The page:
const arr = ['a','b','c'];
arr[-2] = 'd';
arr.hello = 'e';
arr.length = 17;
const obj = Object.fromEntries(Object.entries(arr));

...which allows for avoiding storing sparse array items as undefined or null and preserves non-index (e.g., non-positive-integer/non-numeric) keys.

{ 0: "a", 1: "b", 2: "c", "-2": "d", hello: "e" }

(Same result here as with @Paul Draper's Object.assign answer.)

One may wish to add arr.length, however, as that is not included:

obj.length = arr.length;

Solution 11

Using javascript#forEach one can do this

var result = {},
    attributes = ['a', 'b','c'];

attributes.forEach(function(prop,index) {
  result[index] = prop;
});

With ECMA6:

attributes.forEach((prop,index)=>result[index] = prop);

Solution 12

If you're using ES6, you can use Object.assign and the spread operator

{ ...['a', 'b', 'c'] }

If you have nested array like

var arr=[[1,2,3,4]]
Object.assign(...arr.map(d => ({[d[0]]: d[1]})))

Solution 13

A quick and dirty one:

var obj = {},
  arr = ['a','b','c'],
  l = arr.length; 

while( l && (obj[--l] = arr.pop() ) ){};

Solution 14

Quick and dirty #2:

var i = 0
  , s = {}
  , a = ['A', 'B', 'C'];

while( i < a.length ) { s[i] = a[i++] };

Solution 15

More browser supported and more flexible way of doing that is using a normal loop, something like:

const arr = ['a', 'b', 'c'],
obj = {};

for (let i=0; i<arr.length; i++) {
   obj[i] = arr[i];
}

But also the modern way could be using the spread operator, like:

{...arr}

Or Object assign:

Object.assign({}, ['a', 'b', 'c']);

Both will return:

{0: "a", 1: "b", 2: "c"}

Solution 16

A simple and cheeky method of quickly converting an Array of items in to an Object

function arrayToObject( srcArray ){
    return  JSON.parse( JSON.stringify( srcArray ) );
}

Then using it like so...

var p = [0,2,3,'pork','pie',6];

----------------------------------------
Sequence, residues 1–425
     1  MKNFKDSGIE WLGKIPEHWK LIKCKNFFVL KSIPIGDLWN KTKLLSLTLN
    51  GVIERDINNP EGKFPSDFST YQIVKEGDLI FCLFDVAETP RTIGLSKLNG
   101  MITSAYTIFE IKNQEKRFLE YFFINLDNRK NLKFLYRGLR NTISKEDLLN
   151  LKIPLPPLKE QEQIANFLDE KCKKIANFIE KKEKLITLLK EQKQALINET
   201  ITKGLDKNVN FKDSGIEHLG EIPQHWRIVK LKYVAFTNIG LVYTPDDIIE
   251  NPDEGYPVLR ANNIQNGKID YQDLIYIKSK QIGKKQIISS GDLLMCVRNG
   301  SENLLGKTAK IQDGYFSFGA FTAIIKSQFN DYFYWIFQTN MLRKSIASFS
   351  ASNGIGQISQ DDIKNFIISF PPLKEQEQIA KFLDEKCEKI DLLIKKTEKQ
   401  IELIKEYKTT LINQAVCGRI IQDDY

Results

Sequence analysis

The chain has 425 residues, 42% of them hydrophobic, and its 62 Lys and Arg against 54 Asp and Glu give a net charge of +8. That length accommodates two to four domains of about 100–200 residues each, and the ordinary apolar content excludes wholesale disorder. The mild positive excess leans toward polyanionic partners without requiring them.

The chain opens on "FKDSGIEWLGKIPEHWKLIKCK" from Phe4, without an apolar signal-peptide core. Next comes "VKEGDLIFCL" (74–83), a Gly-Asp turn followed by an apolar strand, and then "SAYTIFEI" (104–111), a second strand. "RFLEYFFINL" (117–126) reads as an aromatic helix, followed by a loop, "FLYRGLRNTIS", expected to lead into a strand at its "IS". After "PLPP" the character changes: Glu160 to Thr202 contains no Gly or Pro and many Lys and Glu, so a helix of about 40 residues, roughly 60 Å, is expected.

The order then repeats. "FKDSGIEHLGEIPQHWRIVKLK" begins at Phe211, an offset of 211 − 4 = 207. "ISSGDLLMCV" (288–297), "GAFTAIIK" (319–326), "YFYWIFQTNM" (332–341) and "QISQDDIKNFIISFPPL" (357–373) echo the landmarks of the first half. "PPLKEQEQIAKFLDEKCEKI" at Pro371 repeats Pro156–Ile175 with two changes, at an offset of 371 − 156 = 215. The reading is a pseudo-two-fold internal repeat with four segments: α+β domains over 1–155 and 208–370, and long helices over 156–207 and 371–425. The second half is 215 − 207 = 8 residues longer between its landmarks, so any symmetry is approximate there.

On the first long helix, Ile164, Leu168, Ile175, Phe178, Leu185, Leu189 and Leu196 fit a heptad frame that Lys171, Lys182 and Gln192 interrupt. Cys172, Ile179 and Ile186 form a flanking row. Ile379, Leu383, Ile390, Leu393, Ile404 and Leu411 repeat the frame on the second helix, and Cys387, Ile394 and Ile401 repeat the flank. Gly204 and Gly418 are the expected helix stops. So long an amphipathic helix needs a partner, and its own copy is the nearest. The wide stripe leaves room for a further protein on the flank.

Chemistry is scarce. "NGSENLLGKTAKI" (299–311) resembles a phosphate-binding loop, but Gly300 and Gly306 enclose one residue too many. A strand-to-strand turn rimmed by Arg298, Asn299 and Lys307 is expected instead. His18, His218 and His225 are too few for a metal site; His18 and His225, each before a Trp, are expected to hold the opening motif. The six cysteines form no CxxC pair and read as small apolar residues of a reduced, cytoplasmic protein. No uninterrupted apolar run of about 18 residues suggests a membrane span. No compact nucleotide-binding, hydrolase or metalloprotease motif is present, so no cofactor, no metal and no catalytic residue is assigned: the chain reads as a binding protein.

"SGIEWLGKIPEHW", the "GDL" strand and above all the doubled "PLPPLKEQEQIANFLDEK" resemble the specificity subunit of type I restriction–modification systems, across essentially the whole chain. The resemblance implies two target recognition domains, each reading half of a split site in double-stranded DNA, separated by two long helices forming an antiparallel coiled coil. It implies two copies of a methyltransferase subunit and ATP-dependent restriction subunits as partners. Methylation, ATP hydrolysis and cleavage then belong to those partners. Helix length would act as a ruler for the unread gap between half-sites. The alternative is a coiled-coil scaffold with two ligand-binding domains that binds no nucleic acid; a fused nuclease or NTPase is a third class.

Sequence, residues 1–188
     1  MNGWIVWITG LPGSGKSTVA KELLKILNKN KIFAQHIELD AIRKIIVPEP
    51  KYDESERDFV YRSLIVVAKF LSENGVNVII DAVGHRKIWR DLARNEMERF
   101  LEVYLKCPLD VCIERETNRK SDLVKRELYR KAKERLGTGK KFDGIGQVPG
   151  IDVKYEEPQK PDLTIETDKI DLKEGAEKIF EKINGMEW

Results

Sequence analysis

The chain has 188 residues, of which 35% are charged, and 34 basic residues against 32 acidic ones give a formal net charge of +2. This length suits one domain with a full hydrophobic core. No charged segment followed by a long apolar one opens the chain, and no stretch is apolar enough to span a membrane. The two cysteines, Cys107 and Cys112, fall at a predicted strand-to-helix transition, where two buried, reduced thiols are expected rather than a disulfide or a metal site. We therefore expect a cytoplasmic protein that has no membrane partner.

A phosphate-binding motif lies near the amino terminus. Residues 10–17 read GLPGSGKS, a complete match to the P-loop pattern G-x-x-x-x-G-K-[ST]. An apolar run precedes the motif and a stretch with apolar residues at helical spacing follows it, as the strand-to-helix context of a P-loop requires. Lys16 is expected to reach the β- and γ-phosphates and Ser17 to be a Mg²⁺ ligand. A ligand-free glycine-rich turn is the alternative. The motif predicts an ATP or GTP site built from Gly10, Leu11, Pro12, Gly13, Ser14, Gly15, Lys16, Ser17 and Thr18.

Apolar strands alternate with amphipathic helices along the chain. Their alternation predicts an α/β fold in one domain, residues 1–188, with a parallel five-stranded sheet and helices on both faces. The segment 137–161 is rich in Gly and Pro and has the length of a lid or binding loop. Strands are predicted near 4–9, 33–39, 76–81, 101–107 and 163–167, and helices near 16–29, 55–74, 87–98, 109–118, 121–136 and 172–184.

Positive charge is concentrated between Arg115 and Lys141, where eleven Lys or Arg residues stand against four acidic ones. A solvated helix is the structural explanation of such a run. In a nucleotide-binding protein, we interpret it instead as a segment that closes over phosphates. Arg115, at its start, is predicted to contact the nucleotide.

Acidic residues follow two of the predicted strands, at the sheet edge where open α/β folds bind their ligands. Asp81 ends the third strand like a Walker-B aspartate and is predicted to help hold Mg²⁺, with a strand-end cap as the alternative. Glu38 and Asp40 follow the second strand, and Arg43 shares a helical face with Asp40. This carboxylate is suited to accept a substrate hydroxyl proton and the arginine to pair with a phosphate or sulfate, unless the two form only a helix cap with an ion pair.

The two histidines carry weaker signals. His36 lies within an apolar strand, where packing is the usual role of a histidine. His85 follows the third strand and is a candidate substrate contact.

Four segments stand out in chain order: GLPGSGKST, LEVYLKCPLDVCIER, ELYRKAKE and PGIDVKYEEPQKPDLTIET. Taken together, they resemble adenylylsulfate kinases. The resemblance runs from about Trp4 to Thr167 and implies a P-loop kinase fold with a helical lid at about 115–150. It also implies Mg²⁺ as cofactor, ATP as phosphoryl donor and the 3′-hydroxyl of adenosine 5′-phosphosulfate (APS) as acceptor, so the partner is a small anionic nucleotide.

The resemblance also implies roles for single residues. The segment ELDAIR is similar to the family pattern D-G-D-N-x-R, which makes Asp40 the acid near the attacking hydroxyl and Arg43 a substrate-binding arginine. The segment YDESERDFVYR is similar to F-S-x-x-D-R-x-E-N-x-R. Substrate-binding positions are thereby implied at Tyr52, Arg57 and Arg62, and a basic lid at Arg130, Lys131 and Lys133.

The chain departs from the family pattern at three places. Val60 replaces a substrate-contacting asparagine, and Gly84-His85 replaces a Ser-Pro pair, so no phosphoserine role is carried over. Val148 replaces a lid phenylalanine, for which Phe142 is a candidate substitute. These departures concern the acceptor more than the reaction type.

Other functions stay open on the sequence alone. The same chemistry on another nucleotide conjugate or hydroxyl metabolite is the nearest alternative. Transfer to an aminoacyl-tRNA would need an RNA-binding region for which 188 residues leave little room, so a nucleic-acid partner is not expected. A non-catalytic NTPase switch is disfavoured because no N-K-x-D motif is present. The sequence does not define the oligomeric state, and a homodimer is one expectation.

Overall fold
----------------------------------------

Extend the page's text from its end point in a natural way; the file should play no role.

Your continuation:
obj = new arrayToObject( p );
console.log( obj[3], obj[4] )
// expecting `pork pie`

Output:

pork pie

Checking the type:

typeof obj
"object"

AND things wouldn't be complete if there wasn't a prototype method

Array.prototype.toObject =function(){
    return  JSON.parse( JSON.stringify( this ) );
}

Using like:

var q = [0,2,3,'cheese','whizz',6];
obj = q.toObject();
console.log( obj[3], obj[4] )
// expecting `cheese whizz`

Output:

cheese whizz

*NOTE that there is no naming routine, so if you want to have specific names, then you will need to continue using the existing methods below.


Older method

This allows you to generate from an array an object with keys you define in the order you want them.

Array.prototype.toObject = function(keys){
    var obj = {};
    var tmp = this; // we want the original array intact.
    if(keys.length == this.length){
        var c = this.length-1;
        while( c>=0 ){
            obj[ keys[ c ] ] = tmp[c];
            c--;
        }
    }
    return obj;
};

result = ["cheese","paint",14,8].toObject([0,"onion",4,99]);

console.log(">>> :" + result.onion); will output "paint", the function has to have arrays of equal length or you get an empty object.

Here is an updated method

Array.prototype.toObject = function(keys){
    var obj = {};
    if( keys.length == this.length)
        while( keys.length )
            obj[ keys.pop() ] = this[ keys.length ];
    return obj;
};

Solution 17

.reduce((o,v,i)=>(o[i]=v,o), {})

[docs]

or more verbose

var trAr2Obj = function (arr) {return arr.reduce((o,v,i)=>(o[i]=v,o), {});}

or

var transposeAr2Obj = arr=>arr.reduce((o,v,i)=>(o[i]=v,o), {})

shortest one with vanilla JS

JSON.stringify([["a", "X"], ["b", "Y"]].reduce((o,v,i)=>{return o[i]=v,o}, {}))
=> "{"0":["a","X"],"1":["b","Y"]}"

some more complex example

[["a", "X"], ["b", "Y"]].reduce((o,v,i)=>{return o[v[0]]=v.slice(1)[0],o}, {})
=> Object {a: "X", b: "Y"}

even shorter (by using function(e) {console.log(e); return e;} === (e)=>(console.log(e),e))

 nodejs
> [[1, 2, 3], [3,4,5]].reduce((o,v,i)=>(o[v[0]]=v.slice(1),o), {})
{ '1': [ 2, 3 ], '3': [ 4, 5 ] }

[/docs]

Solution 18

As of Lodash 3.0.0 you can use _.toPlainObject

var obj = _.toPlainObject(['a', 'b', 'c']);
console.log(obj);
<script src="https://cdn.jsdelivr.net/lodash/4.16.4/lodash.min.js"></script>

Solution 19

If you can use Map or Object.assign, it's very easy.

Create an array:

const languages = ['css', 'javascript', 'php', 'html'];

The below creates an object with index as keys:

Object.assign({}, languages)

Replicate the same as above with Maps

Converts to an index based object {0 : 'css'} etc...

const indexMap = new Map(languages.map((name, i) => [i, name] ));
indexMap.get(1) // javascript

Convert to an value based object {css : 'css is great'} etc...

const valueMap = new Map(languages.map(name => [name, `${name} is great!`] ));
valueMap.get('css') // css is great

Solution 20

If someone is searching for a Typescript method, i wrote this:

const arrayToObject = <T extends Record<K, any>, K extends keyof any>(
  array: T[] = [],